During our 10-minute salt water submersion test, the sensors inside of the boot registered a minor 4.5-degree decrease in temperature, despite the frigid conditions outside of the boots. With this being the case, we feel confident that most people’s feet will remain warm and comfortable in these things.
As far as fit goes, it can be hit or miss, so it’s best to try them on in a store if you can, but the Bugaboots should be mostly hit, if you go up a half to full size from your normal shoes—depending on whether you plan on wearing thick socks. (Columbia’s website comes right out and says that the Bugaboot Plus II fit slightly small.) Schumer has size 9 feet and tested the boots as a size 9 and said that she found them comfortable enough when wearing normal cotton socks, but noted that they got a bit tight with thicker socks. In last year’s testing, Meg Muckenhoupt found that her narrow ankles and calves led to some heel lift when testing boots that were her correct size. So people with narrow or shallow feet should probably order their normal size.
Traction is just as important as comfort and water resistance when it comes to navigating icy paths. So it’s a good thing the Bugaboot Plus II is so grippy. Last year, both our male and female testers noted that the footing felt secure when walking outside on shallow snow and shoveled and plowed surfaces. They also found that the double-density rubber sole of the boot is stiff enough to provide support on varying terrain, but still provides enough flexibility at the midsole and in the toes to make walking in the boots feel like a familiar experience. As for Schumer’s experience with the Plus II’s traction this year, she told us, “They had excellent traction, even after walking on some slick parking lot spots, but not so much that I felt like I was wearing ice picks on my feet. I definitely felt a connection with the ground. I also liked where they ended, right above my ankle, which gave me adequate foot support, without restricting movement.? The Bogs, which were the only other boot to pass our leak test this year, are taller at 10 imches, but lack the stiffness of the Bugaboots. This made them downright slippery by comparison—especially on ice.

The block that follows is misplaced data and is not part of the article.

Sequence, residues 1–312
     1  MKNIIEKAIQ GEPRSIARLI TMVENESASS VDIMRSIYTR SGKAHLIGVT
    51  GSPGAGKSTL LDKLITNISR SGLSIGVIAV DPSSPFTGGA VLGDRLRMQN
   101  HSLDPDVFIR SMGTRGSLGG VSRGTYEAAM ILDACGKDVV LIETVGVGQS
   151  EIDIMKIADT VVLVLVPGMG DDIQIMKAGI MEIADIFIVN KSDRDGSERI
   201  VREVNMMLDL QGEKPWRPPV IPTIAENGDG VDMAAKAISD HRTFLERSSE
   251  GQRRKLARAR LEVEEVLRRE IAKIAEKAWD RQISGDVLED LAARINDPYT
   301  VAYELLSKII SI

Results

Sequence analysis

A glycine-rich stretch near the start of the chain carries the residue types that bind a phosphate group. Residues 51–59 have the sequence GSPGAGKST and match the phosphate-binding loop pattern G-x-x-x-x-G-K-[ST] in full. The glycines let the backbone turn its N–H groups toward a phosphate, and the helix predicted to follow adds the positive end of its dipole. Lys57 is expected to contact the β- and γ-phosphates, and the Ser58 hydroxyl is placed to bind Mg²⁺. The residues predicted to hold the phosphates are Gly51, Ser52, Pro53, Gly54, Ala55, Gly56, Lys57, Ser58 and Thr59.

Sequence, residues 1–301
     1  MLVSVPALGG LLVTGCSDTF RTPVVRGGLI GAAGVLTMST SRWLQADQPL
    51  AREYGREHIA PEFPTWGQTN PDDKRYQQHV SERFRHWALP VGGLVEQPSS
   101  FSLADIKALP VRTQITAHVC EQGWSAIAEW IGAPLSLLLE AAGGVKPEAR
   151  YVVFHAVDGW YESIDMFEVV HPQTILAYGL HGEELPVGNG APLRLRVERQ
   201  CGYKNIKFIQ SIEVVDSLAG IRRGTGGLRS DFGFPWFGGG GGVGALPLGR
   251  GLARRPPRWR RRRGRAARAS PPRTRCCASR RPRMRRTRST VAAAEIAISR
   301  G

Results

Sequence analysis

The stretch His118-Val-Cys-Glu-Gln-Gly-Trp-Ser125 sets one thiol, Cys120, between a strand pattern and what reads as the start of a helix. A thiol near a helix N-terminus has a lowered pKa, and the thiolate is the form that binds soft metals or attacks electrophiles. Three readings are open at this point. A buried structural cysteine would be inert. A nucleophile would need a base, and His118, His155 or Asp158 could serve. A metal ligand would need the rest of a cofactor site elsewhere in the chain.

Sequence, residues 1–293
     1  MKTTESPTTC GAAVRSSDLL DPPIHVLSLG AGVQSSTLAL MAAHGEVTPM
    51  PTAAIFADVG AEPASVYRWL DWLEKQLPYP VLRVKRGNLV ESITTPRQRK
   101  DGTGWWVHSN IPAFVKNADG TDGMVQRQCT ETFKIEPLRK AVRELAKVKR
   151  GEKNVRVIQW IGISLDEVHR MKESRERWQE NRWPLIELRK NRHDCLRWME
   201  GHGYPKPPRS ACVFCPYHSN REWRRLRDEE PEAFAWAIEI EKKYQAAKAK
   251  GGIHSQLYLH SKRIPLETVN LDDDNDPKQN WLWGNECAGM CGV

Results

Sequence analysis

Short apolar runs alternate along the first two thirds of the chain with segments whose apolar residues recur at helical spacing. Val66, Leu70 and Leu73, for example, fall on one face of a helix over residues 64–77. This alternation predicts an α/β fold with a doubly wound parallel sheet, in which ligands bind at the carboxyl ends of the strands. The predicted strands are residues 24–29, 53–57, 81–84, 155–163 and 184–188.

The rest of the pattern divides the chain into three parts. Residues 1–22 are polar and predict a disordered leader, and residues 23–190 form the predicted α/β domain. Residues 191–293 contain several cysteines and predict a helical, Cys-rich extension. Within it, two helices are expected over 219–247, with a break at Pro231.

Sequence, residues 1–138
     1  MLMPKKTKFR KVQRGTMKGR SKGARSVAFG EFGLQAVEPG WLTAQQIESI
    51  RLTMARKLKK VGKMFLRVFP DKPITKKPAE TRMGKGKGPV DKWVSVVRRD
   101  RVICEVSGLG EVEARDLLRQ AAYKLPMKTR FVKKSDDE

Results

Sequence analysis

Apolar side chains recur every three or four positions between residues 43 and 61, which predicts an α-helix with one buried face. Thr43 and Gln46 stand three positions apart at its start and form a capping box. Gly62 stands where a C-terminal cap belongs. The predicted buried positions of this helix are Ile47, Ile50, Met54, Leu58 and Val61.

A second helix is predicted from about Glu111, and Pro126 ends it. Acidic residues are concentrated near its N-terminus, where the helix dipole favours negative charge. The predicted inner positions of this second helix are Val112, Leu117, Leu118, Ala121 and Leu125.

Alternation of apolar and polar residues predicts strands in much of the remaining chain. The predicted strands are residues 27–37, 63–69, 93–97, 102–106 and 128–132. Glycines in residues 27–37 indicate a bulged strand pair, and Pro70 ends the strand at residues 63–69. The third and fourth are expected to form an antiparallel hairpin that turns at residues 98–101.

Beyond acing the basic requirements, the Bugaboots are also among the lightest boots we tested. Trudging through heavy, wet snow is enough work without having your boots weighing you down. The Bugaboots weigh in at 23 ounces—not ounces per boot, but per pair. Granted, this year’s runner-up, the Bogs Juno Tall boots weigh only 2 ounces more, but by way of contrast, the pair of Sorel Caribou II boots, which were easily the heaviest boots we tested last year, weigh 34 ounces. Ten ounces might not sound like much of a difference on paper, but when that weight is laced to your feet and you’re plodding through snow in subzero temperatures, it can make a huge difference in your comfort and physical energy level.
Once you’re ready to return to the great indoors, you’ll be happy discover that the Bugaboot Plus II boots are a cinch to clean. After spending 10 minutes standing in and tromping around our freezing-cold mix of briny salt water and then hiking around town in them, Lizz Schumer reported that the boots were covered in salt stains and mud. But after letting them dry, she was able to scrape the mud off in chunks. Then, “taking a wet, soapy cloth to the fabric,? she explained, “I got them shiny and new again, which was a lot better than I expected. With them being light-colored, I was skeptical about their durability long-term, especially since I’m your stereotypical chick and I like my shoes to look nice. After just some light cleaning, they were back in public-appearance shape. Definitely exceeded my expectations.?
Who else likes them?
There isn’t a lot of editorial love out there for the Columbia Bugaboot Plus II Omni-Heat from trusted sources, but we did find a few examples. We weren’t able to find much editorial love for the XTM version of the Bugaboots from trusted sources, but OutdoorGearLab awarded the Plus II iteration of the boot its site’s top award, citing the boot’s comfort and water resistance as big selling points.